Marsy’s Law May Have Put North Dakota in Violation of the 8th Amendment

Shane Goettle, a member of the committee sponsoring Marsy's Law, speaks at a press conference in the state capitol prior to petitions, shown in front of podium, being delivered to the Secretary of State's office. In back from left are Marsha Lembke, Burleigh County Sheriff Pat Heinert, Kelly Leben of the Burleigh County Sheriff's Department, Lacee Anderson, Kathleen Wrigley and Nicole Peske. TOM STROMME/Bismarck Tribune

Marsy’s Law is yet another of the legal headaches created by North Dakota’s deeply flawed initiated measure process.

Approved by voters after a slick marketing campaign bankrolled by a California billionaire (who is currently facing drug trafficking charges), Marsy’s Law created in North Dakota’s constitution what supporters call “victim’s rights” and more honest observers describe as a blatant subversion of due process and other constitutional protections for the accused.

“In short, a district court may not consider a defendant’s ability to pay in determining the amount of restitution awarded to a victim,” Justice Jerod Tufte wrote in the majority opinion.

Case in point, the North Dakota Supreme Court just struck down portions of section 12.1-32-08 of the North Dakota Century Code relating to the restitution which can be required of people convicted of a crime.

In State v. Strom, a woman named Melinda Strom was convicted of embezzling from a drilling company she worked for and was ordered by the court to pay back over $690,000 in restitution. She appealed that order, arguing that it’s not in keeping with the aforementioned section of the Century Code which states that court-ordered restitution “may not exceed an amount the defendant can or will be able to pay.”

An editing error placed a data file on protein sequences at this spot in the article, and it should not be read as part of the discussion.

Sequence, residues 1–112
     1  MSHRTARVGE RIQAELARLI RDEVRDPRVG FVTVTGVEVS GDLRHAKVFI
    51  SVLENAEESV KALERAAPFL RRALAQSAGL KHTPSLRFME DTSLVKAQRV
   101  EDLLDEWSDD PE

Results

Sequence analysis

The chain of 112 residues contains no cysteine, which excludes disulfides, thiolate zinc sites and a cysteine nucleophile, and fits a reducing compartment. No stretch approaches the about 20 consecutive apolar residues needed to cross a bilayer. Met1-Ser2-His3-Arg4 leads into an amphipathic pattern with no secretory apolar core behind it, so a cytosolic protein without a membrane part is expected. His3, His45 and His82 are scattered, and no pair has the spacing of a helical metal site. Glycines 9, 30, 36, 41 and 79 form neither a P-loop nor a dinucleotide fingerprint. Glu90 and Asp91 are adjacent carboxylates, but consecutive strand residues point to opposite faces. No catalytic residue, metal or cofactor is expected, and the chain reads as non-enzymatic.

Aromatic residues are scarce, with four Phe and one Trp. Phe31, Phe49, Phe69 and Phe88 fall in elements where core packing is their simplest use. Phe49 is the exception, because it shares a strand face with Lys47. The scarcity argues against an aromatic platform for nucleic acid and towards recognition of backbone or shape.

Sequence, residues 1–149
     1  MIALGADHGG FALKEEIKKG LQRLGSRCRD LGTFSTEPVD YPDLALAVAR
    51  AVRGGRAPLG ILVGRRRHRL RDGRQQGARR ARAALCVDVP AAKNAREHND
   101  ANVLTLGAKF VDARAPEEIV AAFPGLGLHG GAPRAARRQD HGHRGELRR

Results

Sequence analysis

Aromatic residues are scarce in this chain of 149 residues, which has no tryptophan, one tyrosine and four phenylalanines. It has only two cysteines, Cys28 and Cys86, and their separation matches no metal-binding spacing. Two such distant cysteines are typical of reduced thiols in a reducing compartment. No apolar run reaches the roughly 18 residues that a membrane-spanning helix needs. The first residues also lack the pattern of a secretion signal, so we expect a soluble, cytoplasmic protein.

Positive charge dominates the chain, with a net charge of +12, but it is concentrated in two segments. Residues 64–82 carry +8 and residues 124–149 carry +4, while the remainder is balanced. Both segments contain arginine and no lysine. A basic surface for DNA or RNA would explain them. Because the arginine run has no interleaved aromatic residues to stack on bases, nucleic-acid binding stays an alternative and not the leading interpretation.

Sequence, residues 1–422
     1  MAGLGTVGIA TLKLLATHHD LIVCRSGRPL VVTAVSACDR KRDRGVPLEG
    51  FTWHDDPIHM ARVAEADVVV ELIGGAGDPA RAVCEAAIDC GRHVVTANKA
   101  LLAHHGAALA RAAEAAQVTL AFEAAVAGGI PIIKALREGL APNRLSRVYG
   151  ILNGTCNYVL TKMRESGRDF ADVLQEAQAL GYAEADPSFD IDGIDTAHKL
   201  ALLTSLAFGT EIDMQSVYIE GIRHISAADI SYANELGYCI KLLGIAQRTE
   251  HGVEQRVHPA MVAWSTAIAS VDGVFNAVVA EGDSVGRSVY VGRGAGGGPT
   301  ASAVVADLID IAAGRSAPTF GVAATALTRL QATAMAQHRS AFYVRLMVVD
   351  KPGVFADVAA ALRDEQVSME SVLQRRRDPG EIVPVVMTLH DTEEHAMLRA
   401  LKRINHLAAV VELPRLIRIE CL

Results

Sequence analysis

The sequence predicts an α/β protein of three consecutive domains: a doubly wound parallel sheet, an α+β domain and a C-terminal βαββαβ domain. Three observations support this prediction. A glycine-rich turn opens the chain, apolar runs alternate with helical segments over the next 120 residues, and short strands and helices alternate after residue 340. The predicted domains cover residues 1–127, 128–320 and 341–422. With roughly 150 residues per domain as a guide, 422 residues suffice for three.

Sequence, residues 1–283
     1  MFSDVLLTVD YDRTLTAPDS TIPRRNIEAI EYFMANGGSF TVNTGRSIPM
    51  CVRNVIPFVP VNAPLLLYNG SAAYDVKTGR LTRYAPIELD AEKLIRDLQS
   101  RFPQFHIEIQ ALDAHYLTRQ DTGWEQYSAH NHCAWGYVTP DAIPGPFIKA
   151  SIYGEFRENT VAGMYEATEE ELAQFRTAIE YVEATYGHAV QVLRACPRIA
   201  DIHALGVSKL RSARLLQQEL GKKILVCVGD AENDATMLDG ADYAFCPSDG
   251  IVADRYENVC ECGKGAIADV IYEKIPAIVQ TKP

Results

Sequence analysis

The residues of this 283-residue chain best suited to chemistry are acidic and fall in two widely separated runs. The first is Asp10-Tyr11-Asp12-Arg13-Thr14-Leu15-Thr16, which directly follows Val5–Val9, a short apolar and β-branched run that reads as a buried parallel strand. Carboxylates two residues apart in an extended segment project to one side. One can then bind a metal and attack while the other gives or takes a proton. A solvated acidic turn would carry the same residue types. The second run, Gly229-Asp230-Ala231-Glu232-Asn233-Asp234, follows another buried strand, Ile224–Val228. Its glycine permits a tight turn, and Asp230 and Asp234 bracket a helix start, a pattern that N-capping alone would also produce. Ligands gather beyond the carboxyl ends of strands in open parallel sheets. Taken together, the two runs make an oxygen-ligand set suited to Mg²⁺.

But the Supreme Court struck down that part of state statute, citing the state constitution as amended by Marsy’s Law which gives victims, “The right to full and timely restitution in every case and from each offender for all losses suffered by the victim as a result of the criminal or delinquent conduct.”

“In short, a district court may not consider a defendant’s ability to pay in determining the amount of restitution awarded to a victim,” Justice Jerod Tufte wrote in the majority opinion.

That makes sense if we only consider this as a conflict between state statute and the Marsy’s Law amendment in the state constitution. The latter, in that narrow context, trumps the former.

But what about the 8th amendment to the U.S. constitution? It states that “Excessive bail shall not be required, nor excessive fines imposed, nor cruel and unusual punishments inflicted.”

The fines clause is what’s important to the matter at hand, and U.S. Supreme Court precedent defines restitution as a fine for constitutional purposes.

What are left with then is Marsy’s Law, by giving victims a state constitutional right to full restitution in all cases, leaving the courts unable to consider a defendant’s ability to pay when assessing restitution. Which would seem to leave North Dakota law, as modified by State vs. Strom, in violation of the 8th amendment’s prohibition on excessive fines.

A headache which might have been avoided if we the direct democracy fetishists didn’t insist that we allow complicated, nuanced legislation to be enacted at the ballot box by voters who are largely clueless as to the consequences.

Rob Port is the editor of SayAnythingBlog.com, a columnist for the Forum News Service, and host of the Plain Talk Podcast which you can subscribe to by clicking here.

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